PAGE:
Volume 560, December 2013
|Number of page(s)||11|
|Published online||16 December 2013|
FIRST, a fibered aperture masking instrument
II. Spectroscopy of the Capella binary system at the diffraction limit
LESIA, Observatoire de Paris, CNRS, UPMC, Université
Paris-Diderot, Paris Sciences et Lettres,
5 place Jules
2 Department of Astronomy, University of California at Berkeley, Hearst Field Annex, B-20, Berkeley CA 94720-3411, USA
3 UJF-Grenoble 1 / CNRS-INSU, Institut de Planétologie et d’Astrophysique (IPAG) UMR 5274, 38041 Grenoble, France
4 Carl Sagan Center at the SETI Institute, 189 Bernardo Av., Mountain View CA 94043, USA
5 Extrasolar Planet Detection Project Office, National Astronomical Observatory of Japan, 2-21-1 Osawa, Mitaka, 181-8588 Tokyo, Japan
6 Space Telescope Science Institute, 3700 San Martin Drive, Baltimore, MD 21218, USA
7 University of California Observatories/Lick Observatory, PO Box 85, Mount Hamilton, CA 95140, USA
8 Gemini Observatory, 670 North A’ohoku Place, Hilo, 96720 Hawaii, USA
9 Subaru Telescope, 650 North A’ohoku Place, Hilo, 96720 Hawaii, USA
10 CRAL UMR 5574: CNRS, Université de Lyon, École Normale Supérieure de Lyon, 46 allée d’Italie, 69364 Lyon Cedex 7, France
11 IMCCE, Observatoire de Paris, Avenue Denfert-Rochereau, 75014 Paris, France
Received: 14 May 2013
Accepted: 25 October 2013
Aims. FIRST is a prototype instrument built to demonstrate the capabilities of the pupil remapping technique, using single-mode fibers and working at visible wavelengths. Our immediate objective is to demonstrate the high angular resolution capability of the instrument and to show that the spectral resolution of the instrument enables characterization of stellar companions.
Methods. The FIRST-18 instrument is an improved version of FIRST-9 that simultaneously recombines two sets of nine fibers instead of one, thus greatly enhancing the (u, v) plane coverage. We report on observations of the binary system Capella at three epochs over a period of 14 months (≳4 orbital periods) with FIRST-18 mounted on the 3 m Shane telescope at Lick Observatory. The binary separation during our observations ranges from 0.8 to 1.2 times the diffraction limit of the telescope at the central wavelength of the spectral band.
Results. We successfully resolved the Capella binary system at all epochs, with an astrometric precision as good as 1 mas under the best observing conditions. FIRST also gives access to the spectral flux ratio between the two components directly measured with an unprecedented spectral resolution of R ~ 300 over the 600−850 nm range. In particular, our data allow detection of the well-known overall slope of the flux ratio spectrum, leading to an estimation of the “pivot” wavelength of 0.64 ± 0.01 μm, at which the cooler component becomes the brightest. Spectral features arising from the difference in effective temperature of the two components (specifically the Hα line, TiO, and CN bands) have been used to constrain the stellar parameters. The effective temperatures we derive for both components are slightly lower (5−7%) than the well-established properties for this system. This difference mainly comes from deeper molecular features than those predicted by state-of-the-art stellar atmospheric models, suggesting that molecular line lists used in the photospheric models are incomplete and/or oscillator strengths are underestimated, most likely concerning the CN molecule.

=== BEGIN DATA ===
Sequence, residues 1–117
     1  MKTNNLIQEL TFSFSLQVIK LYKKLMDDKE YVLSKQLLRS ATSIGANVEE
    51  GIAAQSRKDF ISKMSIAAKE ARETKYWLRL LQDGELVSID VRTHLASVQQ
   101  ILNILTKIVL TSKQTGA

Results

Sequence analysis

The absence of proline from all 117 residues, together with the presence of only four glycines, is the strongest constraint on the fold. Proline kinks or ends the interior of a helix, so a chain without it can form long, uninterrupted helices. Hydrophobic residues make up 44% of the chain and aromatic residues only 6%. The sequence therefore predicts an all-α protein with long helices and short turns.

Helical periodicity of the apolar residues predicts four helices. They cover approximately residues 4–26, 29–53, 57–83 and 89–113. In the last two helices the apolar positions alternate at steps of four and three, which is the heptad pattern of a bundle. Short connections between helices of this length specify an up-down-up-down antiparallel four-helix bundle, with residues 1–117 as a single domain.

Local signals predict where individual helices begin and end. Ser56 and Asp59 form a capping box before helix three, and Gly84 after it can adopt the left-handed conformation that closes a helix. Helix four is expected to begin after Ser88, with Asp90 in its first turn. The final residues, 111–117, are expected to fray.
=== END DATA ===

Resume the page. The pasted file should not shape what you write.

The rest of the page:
Conclusions. These results demonstrate the power of FIRST, which is a fibered pupil remapping-based instrument, in terms of high angular resolution and show that the direct measurement of the spectral flux ratio provides valuable information to characterize little known companions.
Key words: instrumentation: high angular resolution / techniques: interferometric / binaries: close / binaries: visual / stars: fundamental parameters / stars: individual: Capella
© ESO, 2013
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